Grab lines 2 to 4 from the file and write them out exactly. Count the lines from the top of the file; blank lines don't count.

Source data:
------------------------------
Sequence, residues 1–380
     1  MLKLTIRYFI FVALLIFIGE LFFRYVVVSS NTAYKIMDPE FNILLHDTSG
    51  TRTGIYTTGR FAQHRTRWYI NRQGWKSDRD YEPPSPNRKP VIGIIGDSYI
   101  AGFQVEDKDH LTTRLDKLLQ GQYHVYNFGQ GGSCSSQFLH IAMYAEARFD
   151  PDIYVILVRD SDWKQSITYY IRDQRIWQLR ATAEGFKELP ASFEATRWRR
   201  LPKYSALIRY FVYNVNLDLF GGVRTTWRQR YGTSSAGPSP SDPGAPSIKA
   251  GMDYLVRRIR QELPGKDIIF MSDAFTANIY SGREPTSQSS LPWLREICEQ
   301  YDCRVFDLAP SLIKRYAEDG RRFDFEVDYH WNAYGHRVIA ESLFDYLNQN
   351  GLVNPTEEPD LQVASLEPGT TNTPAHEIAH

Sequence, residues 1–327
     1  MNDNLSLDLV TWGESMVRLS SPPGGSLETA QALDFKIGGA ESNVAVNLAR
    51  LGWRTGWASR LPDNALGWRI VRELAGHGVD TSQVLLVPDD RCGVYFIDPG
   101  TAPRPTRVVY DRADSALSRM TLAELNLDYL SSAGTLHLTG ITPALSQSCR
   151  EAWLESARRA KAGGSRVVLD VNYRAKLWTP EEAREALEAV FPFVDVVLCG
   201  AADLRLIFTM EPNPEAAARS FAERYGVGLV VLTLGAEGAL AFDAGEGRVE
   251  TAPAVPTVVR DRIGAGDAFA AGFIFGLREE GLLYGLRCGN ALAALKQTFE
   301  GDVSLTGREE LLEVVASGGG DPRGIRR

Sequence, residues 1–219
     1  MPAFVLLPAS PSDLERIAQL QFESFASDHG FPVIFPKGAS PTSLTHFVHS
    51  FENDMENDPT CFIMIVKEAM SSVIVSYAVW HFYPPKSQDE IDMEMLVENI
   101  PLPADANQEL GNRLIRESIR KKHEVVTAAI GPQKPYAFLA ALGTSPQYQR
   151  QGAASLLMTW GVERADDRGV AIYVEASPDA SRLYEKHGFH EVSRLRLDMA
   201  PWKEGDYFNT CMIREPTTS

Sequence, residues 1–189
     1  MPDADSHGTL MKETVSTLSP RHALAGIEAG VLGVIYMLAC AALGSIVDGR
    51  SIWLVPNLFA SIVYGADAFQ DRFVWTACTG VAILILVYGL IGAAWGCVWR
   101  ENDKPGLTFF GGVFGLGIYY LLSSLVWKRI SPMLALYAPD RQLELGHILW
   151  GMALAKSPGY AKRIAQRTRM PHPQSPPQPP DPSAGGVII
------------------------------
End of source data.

     1  MLKLTIRYFI FVALLIFIGE LFFRYVVVSS NTAYKIMDPE FNILLHDTSG
    51  TRTGIYTTGR FAQHRTRWYI NRQGWKSDRD YEPPSPNRKP VIGIIGDSYI
   101  AGFQVEDKDH LTTRLDKLLQ GQYHVYNFGQ GGSCSSQFLH IAMYAEARFD